Monday, January 21, 2008

Democrats' Need an MLK "Day On"

This year's observance of Martin Luther King, Jr. Day seems to be, sadly, less about Dr. King and the ongoing lessons of the civil rights movement and more about politicking and poll numbers. Don't get me wrong, the presidential candidates should properly honor Dr. King's legacy, and hopefully also pledge to not only preserve it but actively work to win back what's been so merrily and summarily sabotaged by the Bush administration. Pretty speeches will be made and "We Shall Overcome" shall be sung -- and these observances can be important food for the soul. I guess it's just that I wish there wasn't political hay to be made from this reflective holiday, and that change-making, inspiring action rather than more rhetoric would make the headlines. Given the recently turbulent racial waters and emerging gender and racial dimensions in the Democratic primary, I hope this day is used to generate what Dr. King so often called for -- unity and healing.

But I'm not holding my breath -- perhaps I have lived inside the beltway too long. My suspicions were reinforced by today's Washington Post coverage, which leads off its political section noting that "Speaking in [the] pulpit of Rev. Martin Luther King Jr.'s Atlanta church, Sen. Barack Obama links King's vision of an America free of segregation and racism to the central tenet of his own presidential campaign, a call to end partisan rancor." Meanwhile, according to the same Post article, Clinton made an appearance at the Sunday services of the famous Abyssinian Baptist Church -- where trailblazing black congressman Rev. Adam Clayton Powell, Jr. once preached -- to receive the endorsement of its pastor. Clinton described for the congregation how she traveled with a youth group to hear Dr. King speak, and the "transforming experience" it had been in her life. That the church is in Harlem, in the congressional district of House Ways and Means Chairman Charlie Rangel -- who is a longtime leader in the Congressional Black Caucus and an outspoken Clinton supporter -- is no coincidence.

Indeed, despite Obama's unmistakable charisma and promise, one of his biggest hurdles has been winning over the civil rights leaders from Dr. King's generation. A fair amount of these notables -- like civil rights pioneer and Congressman John Lewis (D-GA) -- have endorsed Clinton. The question is whether this steadfastness is out of loyalty to the Clinton machine or a real sense that Obama is not quite ready for prime time. Civil rights leader and former ambassador Andrew Young has said Obama will be ready to be president -- in 2016. Meanwhile, Jesse Jackson is firmly in the Obama camp. One wonders how much of an impact the split in the old guard African American leadership will have on the black vote.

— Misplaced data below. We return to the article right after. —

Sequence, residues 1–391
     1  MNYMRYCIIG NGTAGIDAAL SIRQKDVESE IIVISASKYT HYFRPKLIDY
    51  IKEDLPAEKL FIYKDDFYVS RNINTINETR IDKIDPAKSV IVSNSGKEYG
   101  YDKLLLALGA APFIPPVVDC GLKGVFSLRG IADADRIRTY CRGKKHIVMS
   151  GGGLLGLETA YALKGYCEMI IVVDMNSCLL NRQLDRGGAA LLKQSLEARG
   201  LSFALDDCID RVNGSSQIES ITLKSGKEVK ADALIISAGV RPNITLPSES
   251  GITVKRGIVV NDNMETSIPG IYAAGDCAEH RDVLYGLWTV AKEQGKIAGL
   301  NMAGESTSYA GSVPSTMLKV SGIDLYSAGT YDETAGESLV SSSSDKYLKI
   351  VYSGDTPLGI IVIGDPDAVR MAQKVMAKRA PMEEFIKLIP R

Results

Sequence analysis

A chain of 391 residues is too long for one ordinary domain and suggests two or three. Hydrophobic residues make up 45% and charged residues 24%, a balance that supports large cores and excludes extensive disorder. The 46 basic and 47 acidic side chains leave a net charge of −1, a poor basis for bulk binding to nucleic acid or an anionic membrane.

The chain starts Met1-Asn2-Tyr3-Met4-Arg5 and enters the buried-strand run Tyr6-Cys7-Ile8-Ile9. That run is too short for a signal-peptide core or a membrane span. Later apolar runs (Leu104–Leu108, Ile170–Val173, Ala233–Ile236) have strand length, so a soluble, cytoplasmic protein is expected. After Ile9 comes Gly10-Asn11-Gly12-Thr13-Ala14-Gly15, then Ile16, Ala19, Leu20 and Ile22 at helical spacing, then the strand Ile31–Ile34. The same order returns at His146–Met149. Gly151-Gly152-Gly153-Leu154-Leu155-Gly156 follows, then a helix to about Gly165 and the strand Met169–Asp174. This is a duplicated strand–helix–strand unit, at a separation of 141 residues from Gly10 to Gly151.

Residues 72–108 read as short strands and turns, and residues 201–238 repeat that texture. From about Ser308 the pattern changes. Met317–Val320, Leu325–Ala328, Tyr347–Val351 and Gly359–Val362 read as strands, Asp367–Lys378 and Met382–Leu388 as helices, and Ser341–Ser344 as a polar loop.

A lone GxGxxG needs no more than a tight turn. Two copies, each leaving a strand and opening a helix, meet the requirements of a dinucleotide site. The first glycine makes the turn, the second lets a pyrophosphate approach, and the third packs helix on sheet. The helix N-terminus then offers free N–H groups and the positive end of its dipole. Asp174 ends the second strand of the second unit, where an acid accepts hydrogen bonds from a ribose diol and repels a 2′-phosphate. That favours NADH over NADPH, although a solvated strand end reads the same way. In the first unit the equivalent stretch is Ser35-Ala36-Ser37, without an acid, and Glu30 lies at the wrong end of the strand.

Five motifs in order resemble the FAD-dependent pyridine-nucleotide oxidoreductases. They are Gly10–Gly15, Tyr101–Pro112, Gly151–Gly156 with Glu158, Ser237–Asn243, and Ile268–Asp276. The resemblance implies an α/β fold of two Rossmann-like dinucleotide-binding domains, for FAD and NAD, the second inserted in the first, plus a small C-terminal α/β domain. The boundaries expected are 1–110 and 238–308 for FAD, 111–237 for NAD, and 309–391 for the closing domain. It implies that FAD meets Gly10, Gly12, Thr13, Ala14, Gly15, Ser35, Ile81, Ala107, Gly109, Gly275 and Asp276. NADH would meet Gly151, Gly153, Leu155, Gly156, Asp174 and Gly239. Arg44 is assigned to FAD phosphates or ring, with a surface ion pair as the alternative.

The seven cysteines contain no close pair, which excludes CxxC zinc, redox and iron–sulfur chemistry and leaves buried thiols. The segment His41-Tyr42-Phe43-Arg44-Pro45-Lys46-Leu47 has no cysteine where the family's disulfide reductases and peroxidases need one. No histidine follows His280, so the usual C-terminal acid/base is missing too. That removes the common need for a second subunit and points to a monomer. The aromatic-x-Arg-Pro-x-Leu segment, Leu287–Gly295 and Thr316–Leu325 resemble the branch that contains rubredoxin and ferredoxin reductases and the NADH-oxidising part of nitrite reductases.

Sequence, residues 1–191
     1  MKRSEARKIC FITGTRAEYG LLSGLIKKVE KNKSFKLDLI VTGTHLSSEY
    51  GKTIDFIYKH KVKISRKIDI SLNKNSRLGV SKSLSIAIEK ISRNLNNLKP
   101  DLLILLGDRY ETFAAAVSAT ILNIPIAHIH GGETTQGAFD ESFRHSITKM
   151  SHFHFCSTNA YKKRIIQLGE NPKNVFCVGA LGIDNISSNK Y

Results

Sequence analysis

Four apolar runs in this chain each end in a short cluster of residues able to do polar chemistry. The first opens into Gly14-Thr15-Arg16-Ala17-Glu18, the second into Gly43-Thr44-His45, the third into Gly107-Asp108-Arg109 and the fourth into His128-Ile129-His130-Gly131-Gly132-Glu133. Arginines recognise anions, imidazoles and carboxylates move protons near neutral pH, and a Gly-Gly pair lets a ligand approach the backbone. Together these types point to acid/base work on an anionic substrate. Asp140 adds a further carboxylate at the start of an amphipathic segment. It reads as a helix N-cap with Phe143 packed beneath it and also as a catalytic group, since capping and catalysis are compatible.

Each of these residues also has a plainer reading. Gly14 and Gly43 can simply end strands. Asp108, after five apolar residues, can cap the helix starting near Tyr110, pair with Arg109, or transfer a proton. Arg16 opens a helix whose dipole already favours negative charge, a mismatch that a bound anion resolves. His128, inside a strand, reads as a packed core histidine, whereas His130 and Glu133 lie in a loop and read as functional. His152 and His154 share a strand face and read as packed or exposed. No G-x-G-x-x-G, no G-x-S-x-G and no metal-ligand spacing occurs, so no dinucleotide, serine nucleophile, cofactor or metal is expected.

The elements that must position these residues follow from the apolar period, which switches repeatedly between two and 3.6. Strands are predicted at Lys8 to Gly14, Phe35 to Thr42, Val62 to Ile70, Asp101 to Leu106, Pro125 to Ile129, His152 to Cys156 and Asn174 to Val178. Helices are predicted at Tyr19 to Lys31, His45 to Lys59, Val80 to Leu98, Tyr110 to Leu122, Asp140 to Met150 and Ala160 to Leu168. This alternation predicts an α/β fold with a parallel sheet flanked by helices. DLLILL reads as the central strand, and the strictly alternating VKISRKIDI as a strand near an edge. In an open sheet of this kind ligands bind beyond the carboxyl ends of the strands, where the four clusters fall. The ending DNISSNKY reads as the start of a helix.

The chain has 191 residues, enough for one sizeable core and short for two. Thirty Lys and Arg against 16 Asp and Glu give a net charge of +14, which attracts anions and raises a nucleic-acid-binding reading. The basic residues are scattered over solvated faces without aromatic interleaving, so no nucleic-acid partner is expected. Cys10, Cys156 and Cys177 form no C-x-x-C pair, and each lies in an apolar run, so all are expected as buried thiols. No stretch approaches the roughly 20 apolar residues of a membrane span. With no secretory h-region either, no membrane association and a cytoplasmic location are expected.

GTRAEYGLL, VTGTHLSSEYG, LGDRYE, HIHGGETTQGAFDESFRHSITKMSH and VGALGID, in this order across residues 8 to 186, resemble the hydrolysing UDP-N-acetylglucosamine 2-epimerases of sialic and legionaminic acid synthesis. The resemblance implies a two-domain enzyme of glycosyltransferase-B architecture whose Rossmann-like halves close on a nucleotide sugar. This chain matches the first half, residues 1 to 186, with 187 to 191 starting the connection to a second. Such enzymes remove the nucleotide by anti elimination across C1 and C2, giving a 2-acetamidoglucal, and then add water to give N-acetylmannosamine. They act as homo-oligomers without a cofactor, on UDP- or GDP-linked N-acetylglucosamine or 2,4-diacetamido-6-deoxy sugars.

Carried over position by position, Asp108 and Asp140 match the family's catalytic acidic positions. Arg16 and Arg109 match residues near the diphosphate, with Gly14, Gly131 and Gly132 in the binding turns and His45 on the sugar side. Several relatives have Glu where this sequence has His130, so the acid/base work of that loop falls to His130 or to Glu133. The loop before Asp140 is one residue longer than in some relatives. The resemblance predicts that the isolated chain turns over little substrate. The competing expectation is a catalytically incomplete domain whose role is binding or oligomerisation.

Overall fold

Not much, if the way the winds are blowing in South Carolina are any indication. Interestingly enough, African Americans as a whole -- who had been supporting Clinton over Obama in the early going -- have switched in droves to Obama since he established his bona fides in Iowa. And no wonder. If the son of a black man from Kenya and a white woman from Kansas can win in the frozen plains of Iowa -- which are as white as its population -- there's a new sense that Obama really could win over Joe Voter in Middle America. His challenge, however, remains in winning over Josephine Voter. Clinton's got the clear edge there, and the gender gap is not only alive and well it's keeping the Democratic Party afloat.

But if Democratic primary goers are largely going to vote their DNA, where does that leave the party come November? The reality is, we are in the midst of an historic election, with barriers falling faster than Giuliani's poll numbers -- this is good news for Democrats, and for the country as a whole. Today of all days, we should celebrate this progress. It represents a shift in the national political landscape that hopefully will change forever the image of American leadership. It is important enough that we get beyond the horse race and stop reporting about this momentous election as if it were an auction. To take back the White House, no matter who the eventual nominee is, Democrats will need a large dose of Dr. King's unity and healing.

1 comment:

Anonymous said...

No sign of Dr. King's unity and healing at the Democratic debate (or should we call it a food fight?) in SC last night. Thank goodness there was a grown up present to at least get some of the discussion back on track. I hope the voters of SC respond and reward John Edwards for his serious discussion of the real issues facing all of us this year with their votes later in the week

Sadly, Clinton and Obama only looked presidential last night if you use G. W. Bush as your standard bearer.